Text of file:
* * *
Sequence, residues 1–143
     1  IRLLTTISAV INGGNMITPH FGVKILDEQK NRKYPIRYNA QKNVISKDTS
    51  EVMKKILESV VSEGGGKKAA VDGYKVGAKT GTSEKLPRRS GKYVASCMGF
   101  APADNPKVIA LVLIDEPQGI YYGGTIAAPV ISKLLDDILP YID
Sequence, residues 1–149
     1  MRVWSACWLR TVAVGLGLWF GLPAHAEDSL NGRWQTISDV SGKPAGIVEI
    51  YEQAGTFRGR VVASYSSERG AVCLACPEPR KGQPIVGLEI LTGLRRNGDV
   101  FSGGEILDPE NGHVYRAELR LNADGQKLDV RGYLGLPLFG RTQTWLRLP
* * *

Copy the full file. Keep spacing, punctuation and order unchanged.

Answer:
Sequence, residues 1–143
     1  IRLLTTISAV INGGNMITPH FGVKILDEQK NRKYPIRYNA QKNVISKDTS
    51  EVMKKILESV VSEGGGKKAA VDGYKVGAKT GTSEKLPRRS GKYVASCMGF
   101  APADNPKVIA LVLIDEPQGI YYGGTIAAPV ISKLLDDILP YID
Sequence, residues 1–149
     1  MRVWSACWLR TVAVGLGLWF GLPAHAEDSL NGRWQTISDV SGKPAGIVEI
    51  YEQAGTFRGR VVASYSSERG AVCLACPEPR KGQPIVGLEI LTGLRRNGDV
   101  FSGGEILDPE NGHVYRAELR LNADGQKLDV RGYLGLPLFG RTQTWLRLP